Although the AgustaWestland AW101 VVIP helicopter is at the centre of a controversary in Italy and India regarding alleged corruption at parent Finmecanica, it is worth remembering that this helo is a damn fine ride. AgustaWestland passed me these images at last year's LIMA air show.
April 2012 Archives
The Aviationist blog has posted a video about an intriguing UAV with a submachine gun, apparently posted in Russia.
While the clip is certainly entertaining - "I don't think I recognise any of those guys, let's take them out" and "That was awesome! Look at the guy's head rolling down the hill" - I can't vouch for the authenticity of the of the UAV itself.
I cannot discern empty cartridges falling out of the UAV, and why do the mannequins explode? I also can't make out exactly how the ammo in the 100 round clip gets into the gun. The operator also seems fairly casual on the safety front. Say the thing flies out of control, gun blazing away at full automatic? And when he is casually shooting up that gasoline, he doesn't seem to worry that it will set off the explosive charges this thing allegedly carries - which are later demonstrated when he uses the UAV to blow up a car.
On the other hand, there does appear to be a distinct recoil when the gun is firing.
Anyway, the clip reminded me of a conversation I had with a colleague at Flight a few years back about the possibility of mounting guns on UAVs. I have seen videos of shotguns and grenade launchers on smaller systems, such as the one depicted in this video, but as far as I'm aware there are no plans extant to mount a gun on a bigger system, such as a Scan Eagle or a Predator .
A gun-armed UAV would have some big advantages. The system would have more flexibility, capable of hitting a point target, such as a single person or the engine block of a vehicle, without expending large, expensive guided munitions. A sort of sniper in the sky.
The main challenge would probably be mounting it. The best option would to have a side firing system similar to the AC-130, operating on the principle that it is easier for an aircraft to blast a target while circling it rather than flying straight at it. Apparently the AC-130's software consistently achieves first round accuracy, something which could be scaled down for a UAV-mounted gun system.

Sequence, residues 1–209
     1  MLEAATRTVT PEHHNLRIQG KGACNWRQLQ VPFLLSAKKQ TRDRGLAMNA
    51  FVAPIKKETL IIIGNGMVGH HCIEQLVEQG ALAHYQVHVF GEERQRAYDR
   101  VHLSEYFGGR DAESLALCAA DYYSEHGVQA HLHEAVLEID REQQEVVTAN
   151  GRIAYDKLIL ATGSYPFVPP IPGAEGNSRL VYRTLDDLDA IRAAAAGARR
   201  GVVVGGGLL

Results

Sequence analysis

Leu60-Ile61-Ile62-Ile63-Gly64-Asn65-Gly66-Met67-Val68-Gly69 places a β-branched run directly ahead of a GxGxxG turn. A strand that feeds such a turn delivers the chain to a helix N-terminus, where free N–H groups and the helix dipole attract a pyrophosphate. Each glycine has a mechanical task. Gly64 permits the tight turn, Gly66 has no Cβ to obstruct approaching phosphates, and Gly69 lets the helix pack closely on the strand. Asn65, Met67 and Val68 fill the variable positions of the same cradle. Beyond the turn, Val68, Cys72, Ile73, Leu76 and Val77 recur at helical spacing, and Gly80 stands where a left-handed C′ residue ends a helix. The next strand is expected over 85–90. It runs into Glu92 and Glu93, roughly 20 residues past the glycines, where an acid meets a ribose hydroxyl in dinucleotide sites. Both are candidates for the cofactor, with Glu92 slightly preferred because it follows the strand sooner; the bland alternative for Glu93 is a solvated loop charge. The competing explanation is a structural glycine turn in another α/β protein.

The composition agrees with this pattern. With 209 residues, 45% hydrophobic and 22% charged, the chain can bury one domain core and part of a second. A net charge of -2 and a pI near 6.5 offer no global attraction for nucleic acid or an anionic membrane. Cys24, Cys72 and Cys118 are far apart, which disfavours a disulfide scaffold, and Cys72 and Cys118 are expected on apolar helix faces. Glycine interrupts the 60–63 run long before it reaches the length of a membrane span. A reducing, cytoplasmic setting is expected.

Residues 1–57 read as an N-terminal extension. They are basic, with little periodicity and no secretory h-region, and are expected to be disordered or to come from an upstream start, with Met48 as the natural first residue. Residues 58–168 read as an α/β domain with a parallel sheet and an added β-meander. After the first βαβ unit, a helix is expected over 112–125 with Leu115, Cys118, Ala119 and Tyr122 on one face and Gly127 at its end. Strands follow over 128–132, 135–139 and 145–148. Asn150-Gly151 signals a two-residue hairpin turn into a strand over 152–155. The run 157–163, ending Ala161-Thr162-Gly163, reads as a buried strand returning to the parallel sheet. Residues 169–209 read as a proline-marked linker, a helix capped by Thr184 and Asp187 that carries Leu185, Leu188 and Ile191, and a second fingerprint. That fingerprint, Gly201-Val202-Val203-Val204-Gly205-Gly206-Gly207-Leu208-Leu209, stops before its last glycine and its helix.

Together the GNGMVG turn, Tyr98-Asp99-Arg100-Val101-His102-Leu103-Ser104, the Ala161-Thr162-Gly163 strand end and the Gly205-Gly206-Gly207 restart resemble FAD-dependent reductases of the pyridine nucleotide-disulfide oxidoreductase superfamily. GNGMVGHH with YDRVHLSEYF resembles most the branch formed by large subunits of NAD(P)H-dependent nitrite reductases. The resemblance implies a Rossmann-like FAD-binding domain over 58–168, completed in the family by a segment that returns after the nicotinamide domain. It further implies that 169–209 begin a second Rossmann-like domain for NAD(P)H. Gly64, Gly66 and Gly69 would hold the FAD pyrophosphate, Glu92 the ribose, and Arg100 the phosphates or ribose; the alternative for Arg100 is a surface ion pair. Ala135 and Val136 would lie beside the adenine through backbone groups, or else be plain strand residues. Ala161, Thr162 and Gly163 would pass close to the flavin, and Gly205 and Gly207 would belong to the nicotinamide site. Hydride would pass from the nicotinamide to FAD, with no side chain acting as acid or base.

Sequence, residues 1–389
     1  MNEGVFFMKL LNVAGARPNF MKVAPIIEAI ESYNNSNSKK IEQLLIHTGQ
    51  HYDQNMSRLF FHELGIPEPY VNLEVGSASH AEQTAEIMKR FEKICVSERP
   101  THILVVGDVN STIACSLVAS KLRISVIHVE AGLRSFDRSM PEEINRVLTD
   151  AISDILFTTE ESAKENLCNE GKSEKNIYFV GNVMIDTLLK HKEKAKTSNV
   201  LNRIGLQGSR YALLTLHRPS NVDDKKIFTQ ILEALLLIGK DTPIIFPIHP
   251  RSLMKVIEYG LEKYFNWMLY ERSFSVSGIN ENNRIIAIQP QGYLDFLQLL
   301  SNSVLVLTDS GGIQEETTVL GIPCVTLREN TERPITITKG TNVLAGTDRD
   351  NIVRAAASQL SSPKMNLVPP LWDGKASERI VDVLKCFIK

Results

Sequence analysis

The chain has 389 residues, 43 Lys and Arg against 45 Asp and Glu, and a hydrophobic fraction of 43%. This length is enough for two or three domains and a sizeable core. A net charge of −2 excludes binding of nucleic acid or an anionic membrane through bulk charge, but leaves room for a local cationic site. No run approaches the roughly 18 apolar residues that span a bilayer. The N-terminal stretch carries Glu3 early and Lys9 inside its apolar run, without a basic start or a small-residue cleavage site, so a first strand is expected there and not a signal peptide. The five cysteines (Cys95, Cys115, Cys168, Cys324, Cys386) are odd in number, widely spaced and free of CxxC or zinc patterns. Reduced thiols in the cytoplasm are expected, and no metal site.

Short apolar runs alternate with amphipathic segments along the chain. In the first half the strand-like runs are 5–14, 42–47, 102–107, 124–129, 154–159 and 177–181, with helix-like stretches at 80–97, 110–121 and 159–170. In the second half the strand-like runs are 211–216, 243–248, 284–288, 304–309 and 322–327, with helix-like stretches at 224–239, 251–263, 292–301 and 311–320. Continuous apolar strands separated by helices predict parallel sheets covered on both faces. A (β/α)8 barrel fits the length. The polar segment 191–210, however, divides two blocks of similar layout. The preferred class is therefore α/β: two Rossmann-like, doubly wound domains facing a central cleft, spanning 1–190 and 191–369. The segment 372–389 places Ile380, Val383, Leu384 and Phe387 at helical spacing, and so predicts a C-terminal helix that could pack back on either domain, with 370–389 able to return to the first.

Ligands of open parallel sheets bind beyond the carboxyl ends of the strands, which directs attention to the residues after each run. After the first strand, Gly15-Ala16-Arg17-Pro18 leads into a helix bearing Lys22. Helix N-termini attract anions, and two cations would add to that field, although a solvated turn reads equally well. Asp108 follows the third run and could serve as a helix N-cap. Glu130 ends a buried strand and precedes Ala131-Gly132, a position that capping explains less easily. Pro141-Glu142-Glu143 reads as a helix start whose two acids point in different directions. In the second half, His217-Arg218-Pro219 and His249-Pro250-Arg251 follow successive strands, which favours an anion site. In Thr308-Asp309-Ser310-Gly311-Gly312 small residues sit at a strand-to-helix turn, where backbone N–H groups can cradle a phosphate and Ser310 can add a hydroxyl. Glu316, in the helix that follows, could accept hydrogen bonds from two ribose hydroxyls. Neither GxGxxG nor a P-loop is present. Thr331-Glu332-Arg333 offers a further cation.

While the Charlene UAV depicted in the video may not be the real deal, the 'guns on UAV' space is definitely one ripe for fascinating development.
I was intrigued to learn that UK farmer David Cundall may have located 20 or more Spitfires in Myanmar, buried in their original shipping crates. If the discovery turns out to be the real deal, it makes a fine counterpoint to Australia's decision last year to bury 23 F-111s beneath a landfill - apparently there is a very real concern with asbestos and other hazardous materials used in these old airframes.
Media reports suggest Cundall's plans are well advanced, with the aircraft having been located, and a camera shoved down a borehole to examine them. Cundall learned of the aircraft speaking to British vets of the Burmese front. They claimed to have buried the aircraft in 1945 following the end of WWII.
Though the aircraft are reportedly well packaged in wax paper and so forth, one wonders how well preserved they could be. Sixty years underground in the soggy climate of Burma is a very long time. There are very good reasons why the USA stores old aircraft in the arid climes of Arizona and California as opposed to the swamps of Florida or Louisiana. All it would take is a few broken seals to corrode these Burmese Spitfires.
In any event, the west is having a love-in with the Burmese regime, which these days shows signs of becoming more democratic. A more open regime could well see Cundall's dream come true. Perhaps the old aircraft will be excavated and shipped home - just the thought of the paperwork and expense involved gives one pause - with a few examples becoming airworthy again someday.
In 2072 will Asian Skies write about a plan to dig up 23 former RAAF F-111s?
This morning I came across some cool photos of Chengdu J-10As on a live fire exerecise in
the Chengdu Military Area Command (MAC) in China's southwest. According to PLA
story posted on China' s defence ministry site, the aim of the mission was to conduct